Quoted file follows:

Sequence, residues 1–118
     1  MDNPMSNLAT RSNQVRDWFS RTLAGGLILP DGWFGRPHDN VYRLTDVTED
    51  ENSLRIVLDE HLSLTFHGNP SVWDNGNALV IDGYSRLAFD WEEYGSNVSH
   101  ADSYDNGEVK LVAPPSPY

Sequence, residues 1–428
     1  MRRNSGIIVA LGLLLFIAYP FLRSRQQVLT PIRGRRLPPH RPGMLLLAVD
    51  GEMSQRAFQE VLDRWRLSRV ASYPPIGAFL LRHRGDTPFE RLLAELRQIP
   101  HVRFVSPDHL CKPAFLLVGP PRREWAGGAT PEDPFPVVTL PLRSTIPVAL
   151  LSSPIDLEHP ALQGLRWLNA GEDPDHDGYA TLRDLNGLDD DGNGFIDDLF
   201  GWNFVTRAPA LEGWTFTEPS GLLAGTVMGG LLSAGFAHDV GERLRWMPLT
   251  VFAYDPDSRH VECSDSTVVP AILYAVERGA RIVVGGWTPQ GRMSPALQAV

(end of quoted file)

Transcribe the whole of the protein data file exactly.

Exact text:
Sequence, residues 1–118
     1  MDNPMSNLAT RSNQVRDWFS RTLAGGLILP DGWFGRPHDN VYRLTDVTED
    51  ENSLRIVLDE HLSLTFHGNP SVWDNGNALV IDGYSRLAFD WEEYGSNVSH
   101  ADSYDNGEVK LVAPPSPY

Sequence, residues 1–428
     1  MRRNSGIIVA LGLLLFIAYP FLRSRQQVLT PIRGRRLPPH RPGMLLLAVD
    51  GEMSQRAFQE VLDRWRLSRV ASYPPIGAFL LRHRGDTPFE RLLAELRQIP
   101  HVRFVSPDHL CKPAFLLVGP PRREWAGGAT PEDPFPVVTL PLRSTIPVAL
   151  LSSPIDLEHP ALQGLRWLNA GEDPDHDGYA TLRDLNGLDD DGNGFIDDLF
   201  GWNFVTRAPA LEGWTFTEPS GLLAGTVMGG LLSAGFAHDV GERLRWMPLT
   251  VFAYDPDSRH VECSDSTVVP AILYAVERGA RIVVGGWTPQ GRMSPALQAV